Triple Creek Journal: There is a whole world of plants out there….What’s in your pasture?

It has been another good month for us in Southern Virginia.  Our wet July turned to a not too wet and not too hot August, with just enough rain so that we were never dry.   Over the last twenty years we have done everything we can to discourage the growth of tall fescue including fertilizingContinue reading “Triple Creek Journal: There is a whole world of plants out there….What’s in your pasture?”

Frontal Grazing is a Key Grazing Management Technique

I have been learning how to manage grazing with beef cattle on our farms at Virgilina , near the VA/NC line, for most of my life.  I have seen the rise of great temporary grazing equipment, the dramatic improvement of electric fence energizers and the wondrous “fault finder” fence tester, among many other great newContinue reading “Frontal Grazing is a Key Grazing Management Technique”

Albert Mallicoat shares his experience renovating to Texoma MaxQ II

Albert Mallicoat is our featured fescue seed producer for the fall issue of The Fence Post and like all producers you will see similarities and differences in his operation to yours. He purchased Pennington’s Texoma MaxQ II, the novel endophyte tall fescue developed by the Noble Foundation for the Central and South-Central U.S. and thisContinue reading “Albert Mallicoat shares his experience renovating to Texoma MaxQ II”

Don’t Make a Mistake-Calibrate!

Grain drill calibration is a critical, yet often ignored, part of successful forage establishment and pasture renovation. Planting lower seed rates than recommended can result in thin stands that are susceptible to weed encroachment. Planting more than the recommended seeding rate is undesirable due to increased seed costs. As drills wear, and tires and cogsContinue reading “Don’t Make a Mistake-Calibrate!”

Triple Creek Journal: Our most diverse pastures.

It has been a mixed summer with a slow start in May and June, but better grazing conditions in July.  At Virgilina we had a very dry winter and spring.  When we had rain in May and June it seemed to always be followed by high temperatures and wind, so it was not very effective. Continue reading “Triple Creek Journal: Our most diverse pastures.”

Toxic Endophyte Infection in Georgia Fescue Pastures is Severe and Widespread

Tall fescue, a year-round forage in Georgia There are more than 30 million acres of tall fescue in the United States with 1 million acres in Georgia alone, which are primarily in the north Georgia. It is a cool season perennial grass available for grazing for an extended period from early spring to fall.  Furthermore,Continue reading Toxic Endophyte Infection in Georgia Fescue Pastures is Severe and Widespread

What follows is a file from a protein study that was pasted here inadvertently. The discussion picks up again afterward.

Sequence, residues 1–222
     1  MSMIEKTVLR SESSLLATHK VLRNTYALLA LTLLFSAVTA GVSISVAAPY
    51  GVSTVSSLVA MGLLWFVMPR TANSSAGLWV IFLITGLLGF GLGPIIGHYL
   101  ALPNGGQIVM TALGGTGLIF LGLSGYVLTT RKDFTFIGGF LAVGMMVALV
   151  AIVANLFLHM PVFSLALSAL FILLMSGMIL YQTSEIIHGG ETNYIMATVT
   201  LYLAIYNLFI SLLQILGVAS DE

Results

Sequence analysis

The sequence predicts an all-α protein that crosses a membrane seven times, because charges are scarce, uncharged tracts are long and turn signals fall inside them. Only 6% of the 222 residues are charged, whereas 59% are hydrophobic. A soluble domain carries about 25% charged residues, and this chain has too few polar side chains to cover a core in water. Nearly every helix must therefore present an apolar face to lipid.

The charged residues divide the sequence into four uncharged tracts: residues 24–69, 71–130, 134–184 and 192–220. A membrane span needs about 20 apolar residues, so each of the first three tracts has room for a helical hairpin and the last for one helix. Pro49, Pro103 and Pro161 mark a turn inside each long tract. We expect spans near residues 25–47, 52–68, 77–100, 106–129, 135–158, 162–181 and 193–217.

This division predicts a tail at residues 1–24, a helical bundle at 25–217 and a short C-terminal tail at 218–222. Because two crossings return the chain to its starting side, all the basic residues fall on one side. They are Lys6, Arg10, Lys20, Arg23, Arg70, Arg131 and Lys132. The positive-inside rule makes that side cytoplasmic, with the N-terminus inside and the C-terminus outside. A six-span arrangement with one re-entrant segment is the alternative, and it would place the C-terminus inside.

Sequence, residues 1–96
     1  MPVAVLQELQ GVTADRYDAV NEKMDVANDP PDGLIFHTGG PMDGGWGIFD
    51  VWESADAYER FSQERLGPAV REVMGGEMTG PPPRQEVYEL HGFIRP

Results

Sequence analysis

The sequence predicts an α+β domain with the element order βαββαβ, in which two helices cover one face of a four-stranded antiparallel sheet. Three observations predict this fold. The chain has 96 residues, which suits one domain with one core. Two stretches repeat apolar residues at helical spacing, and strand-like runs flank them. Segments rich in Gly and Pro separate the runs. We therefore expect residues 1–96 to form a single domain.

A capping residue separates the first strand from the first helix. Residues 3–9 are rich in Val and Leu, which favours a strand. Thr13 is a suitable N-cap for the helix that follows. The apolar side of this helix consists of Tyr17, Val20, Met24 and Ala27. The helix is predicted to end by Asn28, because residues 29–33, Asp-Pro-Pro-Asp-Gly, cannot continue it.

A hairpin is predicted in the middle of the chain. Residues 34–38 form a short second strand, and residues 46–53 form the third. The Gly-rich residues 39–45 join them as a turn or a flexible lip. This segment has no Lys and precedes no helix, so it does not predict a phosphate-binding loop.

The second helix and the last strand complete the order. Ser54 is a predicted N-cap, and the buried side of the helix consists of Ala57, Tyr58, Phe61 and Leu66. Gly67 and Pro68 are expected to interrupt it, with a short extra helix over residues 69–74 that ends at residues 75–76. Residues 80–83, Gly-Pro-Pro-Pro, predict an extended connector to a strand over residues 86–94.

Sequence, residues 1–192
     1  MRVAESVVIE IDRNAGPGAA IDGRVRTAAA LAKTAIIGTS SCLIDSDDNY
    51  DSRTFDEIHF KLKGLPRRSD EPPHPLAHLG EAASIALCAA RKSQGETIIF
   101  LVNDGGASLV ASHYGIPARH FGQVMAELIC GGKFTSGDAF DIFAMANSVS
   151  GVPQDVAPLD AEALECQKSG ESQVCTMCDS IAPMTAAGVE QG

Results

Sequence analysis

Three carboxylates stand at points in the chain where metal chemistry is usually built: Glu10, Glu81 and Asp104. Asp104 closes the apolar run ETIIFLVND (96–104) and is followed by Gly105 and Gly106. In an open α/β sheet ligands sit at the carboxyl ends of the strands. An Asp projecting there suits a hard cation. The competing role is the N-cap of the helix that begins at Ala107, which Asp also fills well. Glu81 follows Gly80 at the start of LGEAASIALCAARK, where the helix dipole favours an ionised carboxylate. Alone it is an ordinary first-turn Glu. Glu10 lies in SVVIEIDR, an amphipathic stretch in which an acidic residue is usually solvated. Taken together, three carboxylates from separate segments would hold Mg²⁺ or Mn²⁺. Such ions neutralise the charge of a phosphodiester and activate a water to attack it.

Pasture Plant Diversity Field Day

Pasture Plant Diversity Field Day and Workshop at Beaver Creek Farm, NC was a big success! Over 100 farmers, conservationists, extension agents and others gathered at Beaver Creek Farm in Surry County, NC on July 25 to explore the topic of plant diversity as it relates to the productivity and management of pastures.  The eventContinue reading “Pasture Plant Diversity Field Day”

Novel endophyte tall fescue is a tough plant and it does not have to be babied.   

I would like to set something straight with this article. I am afraid that our emphasis on taking good care of your new stands of novel endophyte tall fescue have created the misconception that it is a weak plant that needs to be babied to survive. This is true for many alternative forage crops includingContinue reading “Novel endophyte tall fescue is a tough plant and it does not have to be babied.   “

Triple Creek Journal: What a difference rain makes

My colleague Johnny Rogers has often said “what we recommend always works so much better when it rains” and that is so true.  We often have dry spells through the year in the area where we both live and farm, and the soils are very shallow.  Everything that could be plowed was farmed hard withContinue reading “Triple Creek Journal: What a difference rain makes”